Debut feature ends 25-year filmmaking hiatus for fine artist and gallery co-owner Bruce Wood

Internationally recognized experimental filmmaker Bruce Wood returns to filmmaking after a 25-year hiatus with his debut feature “The Door,” shooting Feb. 22-March 22 in Chicago and southwest Michigan.

A former options trader, Wood is a fine art painter who co-owns the Fenway Gallery in Wicker Park and New Buffalo, Mich., and the art print house afa Press in Lakeside, Mich.

Wood was roused from cinematic retirement last May when Chicago Filmmakers approached him about featuring his 1979 short “Edge Forces” in their “Chicago Filmmakers at 30” retrospective screening.

“I’d made a strong body of work in experimental film as an extension of my painting in the late 70s,” recalled Wood, who got his MFA from the Art Institute in 1975, studying under Stan Brakhage.

“Part of the reason I stopped was the expense of 16mm film. I said, ?when the technology gets around I’d like to try it again.’ Well, guess what?it has.”

After his “rediscovery” by Chicago Filmmakers and subsequent screenings of his work at New York’s Anthology Film Archives, London Institute of Contemporary Arts, and Paris’ Museum of Modern Art, Wood picked up a camera for his first film in 25 years, the six-minute experimental short “New Kisses.”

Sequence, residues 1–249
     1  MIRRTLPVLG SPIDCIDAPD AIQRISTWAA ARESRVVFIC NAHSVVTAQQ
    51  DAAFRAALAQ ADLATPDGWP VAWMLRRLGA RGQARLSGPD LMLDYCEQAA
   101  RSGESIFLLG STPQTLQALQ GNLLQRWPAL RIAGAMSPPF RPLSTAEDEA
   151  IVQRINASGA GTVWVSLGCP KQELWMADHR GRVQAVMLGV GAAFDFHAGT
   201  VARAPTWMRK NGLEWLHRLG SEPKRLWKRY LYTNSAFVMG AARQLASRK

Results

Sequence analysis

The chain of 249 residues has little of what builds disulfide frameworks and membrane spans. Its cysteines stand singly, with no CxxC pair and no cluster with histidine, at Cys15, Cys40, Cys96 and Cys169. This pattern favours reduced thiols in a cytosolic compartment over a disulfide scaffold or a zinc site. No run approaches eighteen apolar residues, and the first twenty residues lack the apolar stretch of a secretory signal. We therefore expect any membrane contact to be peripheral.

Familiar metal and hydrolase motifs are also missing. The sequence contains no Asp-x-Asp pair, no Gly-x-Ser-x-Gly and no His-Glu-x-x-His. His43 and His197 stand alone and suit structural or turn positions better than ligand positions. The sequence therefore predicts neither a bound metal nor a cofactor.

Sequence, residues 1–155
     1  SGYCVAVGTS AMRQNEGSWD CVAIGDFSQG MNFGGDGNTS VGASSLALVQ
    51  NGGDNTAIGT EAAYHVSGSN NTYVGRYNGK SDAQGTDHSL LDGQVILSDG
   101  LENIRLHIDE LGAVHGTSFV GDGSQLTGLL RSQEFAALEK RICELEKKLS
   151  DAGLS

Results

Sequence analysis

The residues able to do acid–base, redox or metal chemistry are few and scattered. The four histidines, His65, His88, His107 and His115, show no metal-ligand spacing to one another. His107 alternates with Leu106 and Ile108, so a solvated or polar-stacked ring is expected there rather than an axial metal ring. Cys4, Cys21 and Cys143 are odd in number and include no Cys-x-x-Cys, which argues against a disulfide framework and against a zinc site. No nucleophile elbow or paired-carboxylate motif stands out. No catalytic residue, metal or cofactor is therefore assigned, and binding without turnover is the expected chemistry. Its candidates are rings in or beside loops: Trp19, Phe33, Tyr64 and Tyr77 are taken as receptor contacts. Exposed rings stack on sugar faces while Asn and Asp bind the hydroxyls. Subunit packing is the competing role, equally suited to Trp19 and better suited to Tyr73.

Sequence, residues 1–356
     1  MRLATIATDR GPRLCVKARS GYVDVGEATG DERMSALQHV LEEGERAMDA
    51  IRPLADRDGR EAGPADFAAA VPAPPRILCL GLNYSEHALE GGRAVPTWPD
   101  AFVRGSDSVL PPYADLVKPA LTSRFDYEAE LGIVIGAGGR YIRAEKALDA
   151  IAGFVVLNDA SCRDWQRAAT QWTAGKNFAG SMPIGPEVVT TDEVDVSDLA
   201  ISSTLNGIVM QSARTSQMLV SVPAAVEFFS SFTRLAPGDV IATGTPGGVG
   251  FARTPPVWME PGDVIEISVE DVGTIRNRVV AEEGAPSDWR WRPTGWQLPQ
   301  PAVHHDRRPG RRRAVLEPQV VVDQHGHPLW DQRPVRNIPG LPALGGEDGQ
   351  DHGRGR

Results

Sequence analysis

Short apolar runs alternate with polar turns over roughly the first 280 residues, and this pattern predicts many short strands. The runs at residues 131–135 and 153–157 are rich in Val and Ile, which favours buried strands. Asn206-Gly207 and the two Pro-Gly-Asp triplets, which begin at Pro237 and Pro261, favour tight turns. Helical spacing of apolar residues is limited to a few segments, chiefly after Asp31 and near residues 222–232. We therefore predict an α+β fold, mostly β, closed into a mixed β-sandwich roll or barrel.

“But I realized I had changed and my current interest was more along the lines of narrative,” Wood said. He took a class in digital video, bought a Panasonic DVX100 24P DV camera, and sat down last summer to write his first script, which became “The Door.”

“The Door” is a supernatural mystery about a dream guide who “loses sight of his mission and plays the role of the genie in the lamp, giving people what they want and causing havoc in their real lives,” Wood said.

Wood, who is writer/director/cinematographer/ editor, is self-financing the five-figure budget through his Dreamfast Cinema. Lucas Brown of Lucas Brown Productions is producing. Script supervisor is Tribune entertainment writer Jessica Volte.

“The Door” stars theater veterans Bill Ferris, Kerla Magnan, Mary Grill, January Scartino and Chase Stoeger. It’s a non-union production, but the principle roles are paid.